Some landlords will go so far as to include prices and fees for these services to help the new tenants budget their needs. This can be a quick and easy printout or something you could host on your own website should you have one. This allows the tenants to save time looking for numbers of what’s available in the area.
Roommate Agreements (where applicable)
Roommate debacles are also significant threats to your tenant retention, and while you are not legally obligated to involve yourself in such conflicts, you can prevent major fallouts by making sure communication is clear and encouraged. You can provide a sample roommate agreement, make sure that payment terms and violations are understood, and be upfront with how a security deposit will be handled at the end of the lease.
This is especially useful among younger tenants who may be in the first years of living independently and may still be unclear about their responsibilities as tenants and what liabilities to be aware of. Don’t assume that what is common knowledge to you is also common knowledge to your tenants.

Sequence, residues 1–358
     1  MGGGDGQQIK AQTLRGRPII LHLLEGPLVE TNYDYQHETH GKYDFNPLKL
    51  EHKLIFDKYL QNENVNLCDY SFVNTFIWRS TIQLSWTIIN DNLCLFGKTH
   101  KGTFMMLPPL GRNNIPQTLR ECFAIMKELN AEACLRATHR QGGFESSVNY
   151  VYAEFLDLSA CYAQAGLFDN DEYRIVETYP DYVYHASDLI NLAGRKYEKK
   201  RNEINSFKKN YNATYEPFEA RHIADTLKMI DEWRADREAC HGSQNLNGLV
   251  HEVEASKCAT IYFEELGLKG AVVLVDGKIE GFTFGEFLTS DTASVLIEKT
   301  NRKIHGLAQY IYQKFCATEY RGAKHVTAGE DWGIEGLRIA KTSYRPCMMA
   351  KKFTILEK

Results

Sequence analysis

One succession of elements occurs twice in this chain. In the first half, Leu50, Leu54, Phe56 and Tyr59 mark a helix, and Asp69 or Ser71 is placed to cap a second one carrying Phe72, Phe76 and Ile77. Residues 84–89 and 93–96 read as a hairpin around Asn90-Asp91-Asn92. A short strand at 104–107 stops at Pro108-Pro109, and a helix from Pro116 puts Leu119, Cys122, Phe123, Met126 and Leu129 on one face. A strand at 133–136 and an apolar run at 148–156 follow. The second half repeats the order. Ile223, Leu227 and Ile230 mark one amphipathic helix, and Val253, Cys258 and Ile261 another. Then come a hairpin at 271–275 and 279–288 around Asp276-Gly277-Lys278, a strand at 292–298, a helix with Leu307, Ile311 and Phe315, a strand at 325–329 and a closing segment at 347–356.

Tenant Manuals & Newsletters
Effective communication extends your relationship’s duration, especially if you want to keep good tenants around. You can encourage ongoing communication through weekly or monthly newsletters, welcome letters with resources and an outlining of the services you do and don’t provide, and tenant manuals full of troubleshooting tips for common complaints. Make sure that your contact information is always available, and respond promptly to their requests or complaints.
You should also go the extra mile for your tenants and give adequate notice in the event of repairs, maintenance, or any other scheduled inconvenience you’re aware of. Tenants will also appreciate their input being considered at any point, and it’s a simple way to show that you’re looking out for your residents.
Closely tied to communication, good organization bolsters tenants’ confidence in your abilities as a landlord. A primary component of being organized is simply advanced notice. Respect tenants’ time by starting the lease renewal process early. This way, no one is surprised and rushed, the process can be much more streamlined, and if your tenants decide not to renew, you have months’ head start on filling the vacancy. A reasonable time frame is to start three months before the end of the lease.